214 Ariz. at 295, 6 (citations omitted). Claims that fail to comply with
A.R.S. 12-821.01(A) are statutorily barred. Id. To comply with the statute,
the specific settlement amount has to be a sum certain which, if accepted by
the State, will settle the matter. Id. at 296, 9.
7
When a motion to dismiss attaches a notice of claim, the
motion should be considered as one for summary judgment unless it is clear
the court did not consider the notice or the notice was attached to the
complaint. Vasquez v. State, 220 Ariz. 304, 308, 8 (App. 2008). We review
summary judgments de novo. Havasupai Tribe v. Arizona Bd. of Regents, 220
Ariz. 214, 223, 27 (App. 2008).

CAUGHLIN v. STATE
Decision of the Court
I.

The notice of claims sum certain demand was clear and


unambiguous.

8
Caughlin contends that the notice of claim is unambiguous
and provides that the wrongful death action could be settled by the State
for a sum certain amount of $4,000,000.4 We agree.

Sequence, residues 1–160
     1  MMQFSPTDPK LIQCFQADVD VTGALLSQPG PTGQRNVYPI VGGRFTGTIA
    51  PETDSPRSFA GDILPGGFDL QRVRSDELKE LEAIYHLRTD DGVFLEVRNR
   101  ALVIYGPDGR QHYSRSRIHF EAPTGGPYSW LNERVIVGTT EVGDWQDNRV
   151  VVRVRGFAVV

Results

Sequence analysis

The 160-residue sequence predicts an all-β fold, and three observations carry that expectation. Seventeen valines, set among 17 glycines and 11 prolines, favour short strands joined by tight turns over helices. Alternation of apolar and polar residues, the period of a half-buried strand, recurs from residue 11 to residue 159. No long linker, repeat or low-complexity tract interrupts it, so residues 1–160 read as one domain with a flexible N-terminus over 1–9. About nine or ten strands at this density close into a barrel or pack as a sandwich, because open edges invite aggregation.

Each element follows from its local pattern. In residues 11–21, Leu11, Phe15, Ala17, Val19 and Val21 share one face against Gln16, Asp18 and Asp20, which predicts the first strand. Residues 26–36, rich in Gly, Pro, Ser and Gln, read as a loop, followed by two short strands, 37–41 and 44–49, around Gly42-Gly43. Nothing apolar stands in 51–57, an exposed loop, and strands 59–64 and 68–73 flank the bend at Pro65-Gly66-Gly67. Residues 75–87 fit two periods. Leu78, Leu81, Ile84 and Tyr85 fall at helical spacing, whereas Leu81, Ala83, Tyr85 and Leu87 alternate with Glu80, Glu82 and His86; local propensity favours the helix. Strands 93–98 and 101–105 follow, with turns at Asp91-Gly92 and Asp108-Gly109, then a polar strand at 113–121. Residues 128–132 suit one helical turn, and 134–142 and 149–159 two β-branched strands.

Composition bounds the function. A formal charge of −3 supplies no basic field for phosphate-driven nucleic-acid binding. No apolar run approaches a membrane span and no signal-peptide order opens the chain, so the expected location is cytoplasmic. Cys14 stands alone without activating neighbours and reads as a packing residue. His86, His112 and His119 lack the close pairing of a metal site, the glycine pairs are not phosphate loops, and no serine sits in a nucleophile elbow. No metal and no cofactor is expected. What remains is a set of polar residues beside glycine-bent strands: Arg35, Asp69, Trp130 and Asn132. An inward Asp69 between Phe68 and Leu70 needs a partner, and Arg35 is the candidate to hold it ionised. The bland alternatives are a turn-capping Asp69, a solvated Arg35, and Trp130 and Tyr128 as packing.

9
The notice of claim lists all four statutory beneficiaries on the
first page and then states that a sum certain demand is being made against
the State of Arizona for $4,000,000. To drive that clarity home, the notice
of claim also references the statutory requirement, and notes that the
requirement is satisfied: The Notice of Claim statute requires sum certain,
so such is being demanded. It also reinforced the nature of the sum certain
as being for all four claimants by noting that [b]y the time of trial, the
plaintiffs will have access to information currently in the possession of these
or other defendants . . . . The notice also discussed all four claimants
relationship with Stephanie Cristiani and how close they were to her and
their suffering from her death. Thus, as argued by Caughlin in the trial
court, there was only one claim for $4,000,000 representing the claim by all
the wrongful death statutory beneficiaries.
10
There is nothing ambiguous about the sum certain
demanded. On appeal, the State contends that the service of four copies of
the notice of claim on the State somehow transformed the notice into four
separate claims or at least could confuse the State into believing that.
However, the State conceded in the trial court that it understood the offer